Herb: American Red Currant

Latin name: Ribes triste

Synonyms: Ribes rubrum subglandulosum

Family: Grossulariaceae (Currant Family)

Medicinal use of American Red Currant:

A decoction of the stems, without the bark, has been used as a wash for sore eyes. A decoction of the root and stem has been used in the treatment of gravel. A compound decoction of the stems has been used as an emmenagogue.

Description of the plant:


50 cm
(1 foot)

Habitat of the herb:

Bogs and cool wet woods.

Edible parts of American Red Currant:

Fruit - raw or cooked. A rather tart flavour, it is usually cooked in pies, preserves etc. The fruit can also be dried for later use. The fruit is similar to the garden red currant and contains rather a lot of seeds. The fruit is about 6mm in diameter.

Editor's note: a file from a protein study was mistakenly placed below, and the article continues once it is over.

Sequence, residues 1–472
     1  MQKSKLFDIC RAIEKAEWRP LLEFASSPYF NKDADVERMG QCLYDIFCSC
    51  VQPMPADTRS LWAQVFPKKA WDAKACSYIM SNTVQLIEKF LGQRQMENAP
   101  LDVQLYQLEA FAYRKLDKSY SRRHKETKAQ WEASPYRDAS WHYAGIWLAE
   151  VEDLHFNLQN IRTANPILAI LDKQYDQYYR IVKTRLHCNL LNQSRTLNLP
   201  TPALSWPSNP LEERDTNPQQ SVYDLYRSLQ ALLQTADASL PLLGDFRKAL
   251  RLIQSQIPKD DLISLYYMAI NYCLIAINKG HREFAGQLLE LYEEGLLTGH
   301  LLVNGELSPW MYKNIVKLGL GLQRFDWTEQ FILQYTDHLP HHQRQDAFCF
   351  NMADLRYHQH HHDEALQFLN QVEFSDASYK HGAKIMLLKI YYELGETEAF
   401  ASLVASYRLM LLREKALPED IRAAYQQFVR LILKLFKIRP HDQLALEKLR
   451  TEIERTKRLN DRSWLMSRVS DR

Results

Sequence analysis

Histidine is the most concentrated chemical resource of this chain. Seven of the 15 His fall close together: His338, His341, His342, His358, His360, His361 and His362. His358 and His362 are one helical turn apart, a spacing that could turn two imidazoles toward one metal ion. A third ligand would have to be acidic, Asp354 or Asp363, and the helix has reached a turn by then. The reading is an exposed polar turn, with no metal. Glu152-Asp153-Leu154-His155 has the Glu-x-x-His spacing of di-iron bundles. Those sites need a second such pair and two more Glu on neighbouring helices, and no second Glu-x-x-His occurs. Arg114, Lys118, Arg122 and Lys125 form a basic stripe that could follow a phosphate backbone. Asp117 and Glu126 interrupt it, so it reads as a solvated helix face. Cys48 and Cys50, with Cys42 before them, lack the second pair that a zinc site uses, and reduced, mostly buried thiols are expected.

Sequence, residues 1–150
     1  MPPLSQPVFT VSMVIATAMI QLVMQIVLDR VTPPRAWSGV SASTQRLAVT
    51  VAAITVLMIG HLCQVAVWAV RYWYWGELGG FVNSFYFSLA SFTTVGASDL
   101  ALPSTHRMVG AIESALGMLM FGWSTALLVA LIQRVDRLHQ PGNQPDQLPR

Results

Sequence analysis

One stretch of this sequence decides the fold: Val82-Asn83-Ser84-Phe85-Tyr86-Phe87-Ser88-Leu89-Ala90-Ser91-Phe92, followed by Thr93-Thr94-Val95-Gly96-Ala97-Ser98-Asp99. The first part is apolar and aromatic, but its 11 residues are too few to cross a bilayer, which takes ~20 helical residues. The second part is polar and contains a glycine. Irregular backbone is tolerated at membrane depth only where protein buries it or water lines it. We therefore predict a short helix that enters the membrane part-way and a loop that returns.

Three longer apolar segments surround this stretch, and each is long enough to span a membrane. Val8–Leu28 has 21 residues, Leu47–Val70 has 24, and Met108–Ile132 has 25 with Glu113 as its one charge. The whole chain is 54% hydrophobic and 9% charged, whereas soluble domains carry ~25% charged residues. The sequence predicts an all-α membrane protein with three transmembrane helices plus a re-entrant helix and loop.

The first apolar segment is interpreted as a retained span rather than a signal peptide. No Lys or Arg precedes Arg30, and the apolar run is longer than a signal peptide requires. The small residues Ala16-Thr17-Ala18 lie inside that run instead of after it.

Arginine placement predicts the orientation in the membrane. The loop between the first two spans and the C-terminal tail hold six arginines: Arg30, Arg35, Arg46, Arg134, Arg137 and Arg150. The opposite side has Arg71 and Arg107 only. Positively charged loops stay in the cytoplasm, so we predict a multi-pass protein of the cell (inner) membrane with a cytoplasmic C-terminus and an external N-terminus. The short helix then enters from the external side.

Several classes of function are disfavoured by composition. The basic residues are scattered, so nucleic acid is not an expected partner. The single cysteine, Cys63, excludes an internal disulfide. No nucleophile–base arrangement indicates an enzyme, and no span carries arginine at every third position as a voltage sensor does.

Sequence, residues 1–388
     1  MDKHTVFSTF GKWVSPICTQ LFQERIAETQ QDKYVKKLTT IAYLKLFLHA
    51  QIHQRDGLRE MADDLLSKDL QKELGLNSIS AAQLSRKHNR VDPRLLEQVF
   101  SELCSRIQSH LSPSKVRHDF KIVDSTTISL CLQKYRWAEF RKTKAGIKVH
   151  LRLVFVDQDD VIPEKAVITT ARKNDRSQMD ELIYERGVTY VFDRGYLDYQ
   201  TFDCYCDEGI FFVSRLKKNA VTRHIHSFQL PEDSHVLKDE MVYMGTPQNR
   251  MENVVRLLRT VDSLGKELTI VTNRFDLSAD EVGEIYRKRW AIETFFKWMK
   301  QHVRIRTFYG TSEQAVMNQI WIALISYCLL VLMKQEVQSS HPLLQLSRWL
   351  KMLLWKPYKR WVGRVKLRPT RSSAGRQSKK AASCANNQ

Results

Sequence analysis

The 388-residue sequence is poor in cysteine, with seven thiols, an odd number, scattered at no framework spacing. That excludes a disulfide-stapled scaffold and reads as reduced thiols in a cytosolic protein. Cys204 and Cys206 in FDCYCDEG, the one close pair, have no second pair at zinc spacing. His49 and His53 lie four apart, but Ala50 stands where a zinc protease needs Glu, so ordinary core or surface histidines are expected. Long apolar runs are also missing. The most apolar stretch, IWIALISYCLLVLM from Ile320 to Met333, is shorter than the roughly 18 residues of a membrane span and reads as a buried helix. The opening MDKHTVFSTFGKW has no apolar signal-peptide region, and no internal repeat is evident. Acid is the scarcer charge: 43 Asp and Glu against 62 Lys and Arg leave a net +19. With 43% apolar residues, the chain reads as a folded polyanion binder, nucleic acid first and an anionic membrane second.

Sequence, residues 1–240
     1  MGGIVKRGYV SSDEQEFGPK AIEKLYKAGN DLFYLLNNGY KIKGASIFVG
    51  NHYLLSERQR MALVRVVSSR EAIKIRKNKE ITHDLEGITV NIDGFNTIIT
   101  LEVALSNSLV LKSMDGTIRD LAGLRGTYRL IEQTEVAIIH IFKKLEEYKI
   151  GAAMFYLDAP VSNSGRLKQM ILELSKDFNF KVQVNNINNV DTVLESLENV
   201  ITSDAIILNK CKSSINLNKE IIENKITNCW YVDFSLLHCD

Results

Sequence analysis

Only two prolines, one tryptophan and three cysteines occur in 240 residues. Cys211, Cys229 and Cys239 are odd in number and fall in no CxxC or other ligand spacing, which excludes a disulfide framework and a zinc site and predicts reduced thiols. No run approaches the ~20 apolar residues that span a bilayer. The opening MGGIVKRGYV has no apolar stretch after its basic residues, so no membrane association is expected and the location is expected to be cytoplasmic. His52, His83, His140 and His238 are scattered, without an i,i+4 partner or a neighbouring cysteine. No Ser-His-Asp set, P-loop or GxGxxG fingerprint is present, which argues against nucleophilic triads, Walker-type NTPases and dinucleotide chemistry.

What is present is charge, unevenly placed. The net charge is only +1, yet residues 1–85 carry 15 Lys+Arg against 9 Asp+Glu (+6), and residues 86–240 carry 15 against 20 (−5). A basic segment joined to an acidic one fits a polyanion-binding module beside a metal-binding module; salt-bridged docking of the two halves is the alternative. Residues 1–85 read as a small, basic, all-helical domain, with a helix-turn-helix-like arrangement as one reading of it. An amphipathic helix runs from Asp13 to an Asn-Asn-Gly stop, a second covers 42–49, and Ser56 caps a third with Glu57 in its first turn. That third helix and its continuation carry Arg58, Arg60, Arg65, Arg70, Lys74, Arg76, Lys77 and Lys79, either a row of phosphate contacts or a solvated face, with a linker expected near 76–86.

Propagation of the herb:

Seed - best sown as soon as it is ripe in the autumn in a cold frame. Stored seed requires 3 months cold stratification at between 0 and 5C and should be sown as early in the year as possible. Under normal storage conditions the seed can remain viable for 17 years or more. Prick out the seedlings into individual pots when they are large enough to handle and grow them on in a cold frame for their first winter, planting them out in late spring of the following year. Cuttings of half-ripe wood, 10 - 15cm with a heel, July/August in a frame. Cuttings of mature wood of the current year's growth, preferably with a heel of the previous year's growth, November to February in a cold frame or sheltered bed outdoors.

Cultivation of American Red Currant:

Bogs and cool wet woods.

Known hazards of Ribes triste:

None known

Plant information taken from the Plants For A Future.